10. Adoption -- Against Mrs. Garrett's wishes, Blair offers to help Natalie find her birth mother after Natalie admits that she's adopted. (04/25/80)
11. Running -- Mr. Bradley's desire to retain the state track championship is so strong, he pits best friends Sue Ann and Cindy against each other in a cutthroat competition. (05/02/80)
12. Molly's Holiday -- Molly's parents are getting a divorce, so the girls plot a reconciliation. The scheme backfires when Molly's father shows up with his new girlfriend. (06/04/80)
13. Dope -- Blair and Sue Ann join an exclusive clique of girls at another dorm, but they're not quite ready for the group's favorite pastime - smoking marijuana. (06/11/80)
14. The New Girl (Part 1) -- In addition to her new responsibilities as school nutritionist, Mrs. Garrett has her hands full when she decides to make roommates of streetwise new student Jo and snobbish Blair. (11/19/80)
15. The New Girl (Part 2) -- A ridiculous bet between Jo and Blair lands the girls in jail - and expelled from Eastland School. (11/26/80)
16. Double Standard -- Expecting an invitation to the country club cotillion, Blair is shocked to learn that her childhood friend Harrison has invited Jo instead. (12/10/80)
17. Who Am I? -- Tootie has an identity crisis when a new boyfriend criticizes her for having so many white friends. (12/17/80)
18. Cousin Geri -- Blair gets upset when her handicapped cousin Geri, an aspiring comedienne, pays a surprise visit on the eve of a big awards banquet. (12/24/80)
19. Shoplifting -- Jo wants to surprise Mrs. Garrett with a birthday gift to rival Blair's. But the real surprise occurs when Mrs. Garrett goes to exchange it and is arrested for shoplifting. (12/31/80)
20. Teenage Marriage (Part 1) -- Her Eastland schoolmates try to dissuade her from marriage when Jo's steady boyfriend Eddie proposes. (01/07/81)
21. Teenage Marriage (Part 2) -- Mrs. Garrett and the girls attempt to delay the marriage until Jo's mother can be contacted, but Jo and Eddie get wind of their plan and rush off to elope. (01/14/81)
22. Gossip -- Craving attention, and hurt by the continual exclusion from the older girls' activities, Tootie spreads a rumor that Mrs. Garrett was drunk. (06/03/81)
23. Breaking Point -- Blair thinks getting elected student council president is the most important thing in the world. But she gets a wake-up call when a crisis occurs for the winner. (01/28/81)
24. Sex Symbol -- Natalie's first real date with a boy from neighboring Bates Academy has given her quite a reputation. Her phone doesn't stop ringing with offers from his schoolmates ... and she soon finds out why. (02/04/81)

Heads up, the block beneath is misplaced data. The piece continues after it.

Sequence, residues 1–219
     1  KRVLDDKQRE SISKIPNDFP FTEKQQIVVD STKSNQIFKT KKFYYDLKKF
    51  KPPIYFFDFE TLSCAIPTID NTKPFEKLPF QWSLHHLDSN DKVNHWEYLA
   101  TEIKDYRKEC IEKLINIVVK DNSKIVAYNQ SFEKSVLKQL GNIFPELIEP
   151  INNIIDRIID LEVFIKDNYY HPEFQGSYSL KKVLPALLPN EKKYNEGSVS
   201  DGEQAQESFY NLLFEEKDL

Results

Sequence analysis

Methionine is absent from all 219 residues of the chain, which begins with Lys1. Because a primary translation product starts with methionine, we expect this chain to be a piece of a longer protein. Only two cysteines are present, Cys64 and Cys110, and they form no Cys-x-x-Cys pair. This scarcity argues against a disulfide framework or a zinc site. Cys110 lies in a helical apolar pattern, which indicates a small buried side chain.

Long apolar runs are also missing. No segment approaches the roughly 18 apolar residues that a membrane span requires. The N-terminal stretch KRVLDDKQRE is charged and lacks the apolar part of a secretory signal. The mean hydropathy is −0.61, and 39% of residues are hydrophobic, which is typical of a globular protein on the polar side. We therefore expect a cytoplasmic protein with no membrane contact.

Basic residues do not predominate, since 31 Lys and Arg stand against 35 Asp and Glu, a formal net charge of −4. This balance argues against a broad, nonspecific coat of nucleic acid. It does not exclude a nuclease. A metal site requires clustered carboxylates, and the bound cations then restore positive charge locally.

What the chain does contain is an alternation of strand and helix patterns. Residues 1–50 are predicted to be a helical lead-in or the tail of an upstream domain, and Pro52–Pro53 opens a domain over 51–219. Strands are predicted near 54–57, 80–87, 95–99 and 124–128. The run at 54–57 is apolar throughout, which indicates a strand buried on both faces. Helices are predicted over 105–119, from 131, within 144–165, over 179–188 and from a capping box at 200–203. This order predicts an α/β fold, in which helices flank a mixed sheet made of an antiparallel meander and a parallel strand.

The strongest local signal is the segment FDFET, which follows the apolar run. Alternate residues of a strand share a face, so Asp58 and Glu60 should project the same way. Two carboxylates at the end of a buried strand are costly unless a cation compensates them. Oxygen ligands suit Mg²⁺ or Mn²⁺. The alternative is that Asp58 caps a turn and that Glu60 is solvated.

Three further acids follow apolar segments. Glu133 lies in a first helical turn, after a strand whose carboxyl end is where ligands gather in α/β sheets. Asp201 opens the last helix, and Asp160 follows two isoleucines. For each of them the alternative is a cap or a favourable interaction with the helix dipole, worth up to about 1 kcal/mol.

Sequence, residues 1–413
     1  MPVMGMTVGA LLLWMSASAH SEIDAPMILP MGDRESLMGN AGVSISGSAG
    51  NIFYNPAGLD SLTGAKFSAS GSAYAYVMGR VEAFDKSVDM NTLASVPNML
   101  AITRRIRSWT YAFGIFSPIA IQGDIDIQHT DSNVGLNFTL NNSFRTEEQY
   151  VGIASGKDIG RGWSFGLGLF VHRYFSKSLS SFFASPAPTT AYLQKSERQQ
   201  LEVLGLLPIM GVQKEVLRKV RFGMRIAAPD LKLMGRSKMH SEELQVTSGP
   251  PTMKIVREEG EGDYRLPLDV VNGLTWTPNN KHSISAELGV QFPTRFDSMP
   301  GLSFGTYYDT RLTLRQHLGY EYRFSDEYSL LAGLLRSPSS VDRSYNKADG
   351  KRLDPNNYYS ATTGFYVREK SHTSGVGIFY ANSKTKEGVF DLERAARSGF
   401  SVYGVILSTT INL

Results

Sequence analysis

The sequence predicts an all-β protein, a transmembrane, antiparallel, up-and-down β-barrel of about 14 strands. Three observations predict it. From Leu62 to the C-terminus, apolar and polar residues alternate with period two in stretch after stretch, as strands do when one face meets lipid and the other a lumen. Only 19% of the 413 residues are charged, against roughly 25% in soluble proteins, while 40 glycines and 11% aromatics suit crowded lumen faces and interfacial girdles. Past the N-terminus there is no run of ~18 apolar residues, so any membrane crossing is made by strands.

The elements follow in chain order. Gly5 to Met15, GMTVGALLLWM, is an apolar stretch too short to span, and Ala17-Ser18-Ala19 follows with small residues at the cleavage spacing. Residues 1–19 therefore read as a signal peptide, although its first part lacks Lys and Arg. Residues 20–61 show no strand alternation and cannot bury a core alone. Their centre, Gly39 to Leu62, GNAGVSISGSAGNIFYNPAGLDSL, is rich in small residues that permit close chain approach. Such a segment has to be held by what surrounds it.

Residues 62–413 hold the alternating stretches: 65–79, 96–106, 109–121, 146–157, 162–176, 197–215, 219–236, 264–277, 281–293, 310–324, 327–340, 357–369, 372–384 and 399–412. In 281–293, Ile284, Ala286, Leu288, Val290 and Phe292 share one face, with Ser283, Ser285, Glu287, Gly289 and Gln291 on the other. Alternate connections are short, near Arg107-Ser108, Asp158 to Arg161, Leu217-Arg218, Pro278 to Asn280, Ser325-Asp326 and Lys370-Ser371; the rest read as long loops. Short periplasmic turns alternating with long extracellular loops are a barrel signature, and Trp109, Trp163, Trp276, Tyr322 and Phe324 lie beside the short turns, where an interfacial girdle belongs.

25. The Secret -- Jo is afraid that if she invites her father to a presentation ceremony, her classmates will discover he was just released from prison. (02/25/81)
26. Bought & Sold -- Blair joins Countess Calvet's cosmetic company as a sales representative and gives Natalie a glamorous - but expensive - makeover. (03/11/81)
27. Pretty Babies -- A top fashion photographer is coming to Eastland School to find the new face of the '80s. Blair's positive she's it, but the photographer surprises everyone by choosing young Tootie. (03/04/81)
28. Free Spirit -- When Mrs. Garrett's son pays a visit, no one is more taken with with young musician than Natalie, who decides to drop out of school to become a songwriter. (03/18/81)
29. Brian & Sylvia -- In Buffalo, Tootie & Natalie wind up in the middle of a marital spat between Tootie's Aunt Sylvia and her new husband. (03/25/81)
Video: The episodes are presented in their original fullscreen format, and the picture quality is pretty solid. Sitcoms from this particular era always seem to exude a sort of pastel fuzz, but that could just be my flu medication.
Audio: Dolby Digital No-Frills.
On disc 1 you'll find a pair of featurettes:
Remembering The Facts of Life (18:23) is your standard retrospective piece, full of wistful memories and effusive praise. Interview subjects include casting director Eve Brandstein and actors Kim Fields, Lisa Whelchel, Felice Schachter, Mindy Cohn, Julie Ann Becker,
After Facts (3:47) gives us another brief visit with a few of the old gang, if only so they can tell us what they've been up to all these years: Felice Schacter (Nancy), Julie Ann Becker (Cindy), Mindy Cohn (Natalie), Kim Fields (Tootie), and Lisa Whelchel (Blair).
The extras wind down with a bunch of trailers for I Dream of Jeannie, Gidget & The Flying Nun, "Ladies Night TV," and "'80s Hits.".
My idea of hell is the Facts of Life theme song played on an endless loop for all eternity. (By the way, Alan Thicke wrote the ditty.) The series itself is a corny, dated, intermittently amusing little piece of nostalgia-fluff, but that damn theme song. It haunts me. Recommended for fans; Skip It for anyone else.